The movie was slightly less stupid than I had anticipated, although I came to realize how terrible some child actors are.
But the gadgetry was cool. Anything that has that kind of Rube Goldberg-style stuff is A-OK.
Rick Moranis is no Wallace, but at least he's gone beyond his Strange Brew days. I think I saw Doug McKenzie in an ad for UPS.
I like CHI. And Chai's pretty good, too. χ I don't feel one way or the other about. I don't like the idea of chi, but if it were real I guess I would like it. And CSI: My Bathroom, well, that's better left unmentioned. Oops, too late.
I was talking with Ana about classes next semester, and whether she would take any more courses that involved programming. She seemed a little envious that I haven't had the difficulties with coding that she had, but I just explained that when you care about it, it's no longer work, it's fun. When you don't care about it, it's no longer fun and it becomes work.
Here's the final version of the diagram.
The word "indescribable" is a paradox, in that it describes something as having no description, which is a description...
A few months ago Google AdSense was the best thing to happen to Web advertising. It's making me about $3/day on my site, but when I see them on other sites now they seem like the online equivalent of ab-buster ads on TV.
From Slashot.org: "I4U has news about a new transportation concept, called The Hallucigenia 01, which is a working 1/5 scale vehicle prototype, designed by Japanese design firm Leading Edge Design. PC Watch (Japanese) has photos and movies. Its 8 wheels are independent robotic arms controlled by their own satellite CPUs, interconnected to the main CPU by an internal LAN."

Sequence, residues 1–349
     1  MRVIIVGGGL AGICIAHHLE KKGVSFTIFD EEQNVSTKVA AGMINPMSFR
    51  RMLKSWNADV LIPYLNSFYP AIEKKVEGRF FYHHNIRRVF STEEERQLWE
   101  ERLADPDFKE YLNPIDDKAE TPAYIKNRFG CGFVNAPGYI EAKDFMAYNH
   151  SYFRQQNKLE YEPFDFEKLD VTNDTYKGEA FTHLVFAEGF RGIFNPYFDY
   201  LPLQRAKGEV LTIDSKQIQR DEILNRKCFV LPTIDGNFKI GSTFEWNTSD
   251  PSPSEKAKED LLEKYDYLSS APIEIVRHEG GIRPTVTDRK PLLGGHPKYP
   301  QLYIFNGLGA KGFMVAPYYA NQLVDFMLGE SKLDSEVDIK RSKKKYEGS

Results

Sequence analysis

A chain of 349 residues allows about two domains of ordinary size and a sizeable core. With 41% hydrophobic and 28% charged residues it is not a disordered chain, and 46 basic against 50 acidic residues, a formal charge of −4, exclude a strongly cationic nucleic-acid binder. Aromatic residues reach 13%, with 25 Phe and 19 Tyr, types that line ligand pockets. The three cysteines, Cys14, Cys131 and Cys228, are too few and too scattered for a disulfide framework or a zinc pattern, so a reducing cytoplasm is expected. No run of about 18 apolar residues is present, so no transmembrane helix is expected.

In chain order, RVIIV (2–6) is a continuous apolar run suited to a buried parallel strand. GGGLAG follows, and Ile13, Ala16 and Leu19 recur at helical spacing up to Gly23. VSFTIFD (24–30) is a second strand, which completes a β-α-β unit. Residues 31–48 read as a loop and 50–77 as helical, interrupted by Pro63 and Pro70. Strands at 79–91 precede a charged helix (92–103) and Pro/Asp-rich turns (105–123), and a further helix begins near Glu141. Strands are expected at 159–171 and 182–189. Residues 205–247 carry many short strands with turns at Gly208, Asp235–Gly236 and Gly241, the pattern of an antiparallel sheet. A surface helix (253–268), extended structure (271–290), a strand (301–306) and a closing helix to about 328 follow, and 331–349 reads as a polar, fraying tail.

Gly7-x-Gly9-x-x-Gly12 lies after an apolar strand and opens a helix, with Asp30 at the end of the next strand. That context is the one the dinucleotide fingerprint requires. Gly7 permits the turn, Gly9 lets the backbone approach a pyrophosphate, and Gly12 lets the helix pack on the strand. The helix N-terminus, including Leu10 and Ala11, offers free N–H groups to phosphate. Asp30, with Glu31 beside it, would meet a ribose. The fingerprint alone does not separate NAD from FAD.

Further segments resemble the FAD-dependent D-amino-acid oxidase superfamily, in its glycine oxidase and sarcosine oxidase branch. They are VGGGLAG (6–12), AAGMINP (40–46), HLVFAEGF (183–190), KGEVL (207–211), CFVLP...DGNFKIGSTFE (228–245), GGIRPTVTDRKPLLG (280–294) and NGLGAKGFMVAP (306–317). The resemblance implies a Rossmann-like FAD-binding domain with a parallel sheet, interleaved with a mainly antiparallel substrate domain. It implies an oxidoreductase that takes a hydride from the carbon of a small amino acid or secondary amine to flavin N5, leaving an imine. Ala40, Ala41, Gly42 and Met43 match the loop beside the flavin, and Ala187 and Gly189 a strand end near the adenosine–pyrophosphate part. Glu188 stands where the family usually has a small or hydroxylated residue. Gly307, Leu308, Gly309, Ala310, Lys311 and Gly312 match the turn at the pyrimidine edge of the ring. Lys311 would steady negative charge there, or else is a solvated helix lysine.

Those 49¢ motors I bought are shitty. They have no bearings, so just holding them at a skewed angle is enough to cause the axle to rub against the casing and force it to stop spinning.
What would happen if you took the door off of a microwave oven then turned it on?
It's a good thing I don't have one otherwise I would try it.
After discussing the robot idea with Jean-Marc, he suggested the idea depicted on the right, to have a fluid, circular creature that has the ability to deform itself when presented with a small aperature, a sphincter, if you will.
In junior high school (now called 'Middle School'. Why is that? Is it not politically correct to say 'juniior'?) each year right before winter break, the math class would be shown 'Donald Duck in Mathmagic Land'. I never wanted to play pool more than I did just after seeing that.